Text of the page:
I started using a Surrogator to raise wild Bobwhite Quail in 2010. I chose the Surrogator XL because it is relatively easy to disassemble and move.
The purpose of a Surrogator is to provide a safe and secure environment out in the wild for quail chicks during their first 5-6 weeks of life.
It is only necessary to tend the Surrogator once per week. In fact, it is recommended that you do not bother the Surrogator or quail otherwise, as this increases their tolerance of humans and degrades their ability to survive on their own in the wild.
This Surrogator has been loaded with Bobwhite Quail and assembled in the shade of several trees and is protected by ant bait.
The Surrogator consists of 2 halves – a loafing half (left-side with wire mesh sides for breezes) and a brooding half (right-side enclosed and protected with insulated walls).
The top of each half is easily removable for loading and cleaning. This loafing half shows the wire mesh sides and the wire mesh divider panel in the middle.
The brooding half also contains the feed bin. The bin is sufficient to hold 50# of chick feed.
The two halves are secured together with tension clamps.
The tension clamps need to be secured with zip ties.
The gravity feed bin holds 50# of chick feed. This is usually sufficient for 125 quail chicks if they are started at 1 week old and held for 5 weeks.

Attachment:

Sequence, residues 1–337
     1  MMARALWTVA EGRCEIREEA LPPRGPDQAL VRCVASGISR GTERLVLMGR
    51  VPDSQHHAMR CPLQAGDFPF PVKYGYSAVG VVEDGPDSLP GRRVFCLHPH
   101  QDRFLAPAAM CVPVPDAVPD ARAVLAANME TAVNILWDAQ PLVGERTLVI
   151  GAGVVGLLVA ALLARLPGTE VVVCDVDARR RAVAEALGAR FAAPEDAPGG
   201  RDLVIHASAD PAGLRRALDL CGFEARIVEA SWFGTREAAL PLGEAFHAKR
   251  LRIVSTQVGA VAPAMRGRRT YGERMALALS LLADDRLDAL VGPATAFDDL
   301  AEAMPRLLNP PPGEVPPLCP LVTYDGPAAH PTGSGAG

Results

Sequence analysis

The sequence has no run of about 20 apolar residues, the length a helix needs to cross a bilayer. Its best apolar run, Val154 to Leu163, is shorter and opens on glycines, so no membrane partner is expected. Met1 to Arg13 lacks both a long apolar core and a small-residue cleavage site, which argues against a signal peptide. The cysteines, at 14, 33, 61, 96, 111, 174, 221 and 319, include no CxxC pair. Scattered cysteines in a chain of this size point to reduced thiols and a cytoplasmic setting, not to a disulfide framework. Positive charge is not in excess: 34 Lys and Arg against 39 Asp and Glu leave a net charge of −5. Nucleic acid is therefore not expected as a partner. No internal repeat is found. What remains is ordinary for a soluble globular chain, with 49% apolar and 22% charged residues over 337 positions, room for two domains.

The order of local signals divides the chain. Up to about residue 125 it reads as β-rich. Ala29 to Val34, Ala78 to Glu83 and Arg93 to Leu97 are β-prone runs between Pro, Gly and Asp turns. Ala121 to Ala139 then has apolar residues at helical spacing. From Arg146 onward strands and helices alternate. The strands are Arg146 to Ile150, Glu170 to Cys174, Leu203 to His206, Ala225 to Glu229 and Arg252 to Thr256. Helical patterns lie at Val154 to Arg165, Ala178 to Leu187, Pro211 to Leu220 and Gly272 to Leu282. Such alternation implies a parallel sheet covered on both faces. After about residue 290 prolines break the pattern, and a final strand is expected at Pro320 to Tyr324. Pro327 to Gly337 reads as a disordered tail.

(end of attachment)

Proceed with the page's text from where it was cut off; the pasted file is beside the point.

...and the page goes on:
The surrogator includes a watering system with a 15-gallon barrel, hose and nipple waterer suspended inside. The Surrogator also includes a heating unit and regulator for a propane bottle.
The water barrel holds 15 gallons and has a measurement tube to see the water level.
In practice, this level tube should be secured because it is a weak point in the system and a loss of water can be catastrophic.
The water barrel mounts on the top of the Surrogator and is secured with straps.
The nipple waterer is suspended from the surrogator inside in the middle near the divider. It is connected to the water barrel with a small green hose.
The heating unit is the magic/secret sauce. The heating unit includes a regulator but you must provide the propane bottle. Quail chicks require external heat for the first 2-3 weeks of life. Otherwise, they will pile up on each other seeking heat and will smother most of the chicks on the bottom of the pile.
A full propane bottle is more than sufficient to provide heat for 3-4 weeks. This is more than sufficient in central Texas.
General instructions are included on the inside of the lid. Very helpful!
Always get a helper. It’s much more fun!
I had a trial run with my surrogator prior to loading with chicks.
One of the big benefits of the Surrogator XL is that it disassembles and transports in the back of a pickup.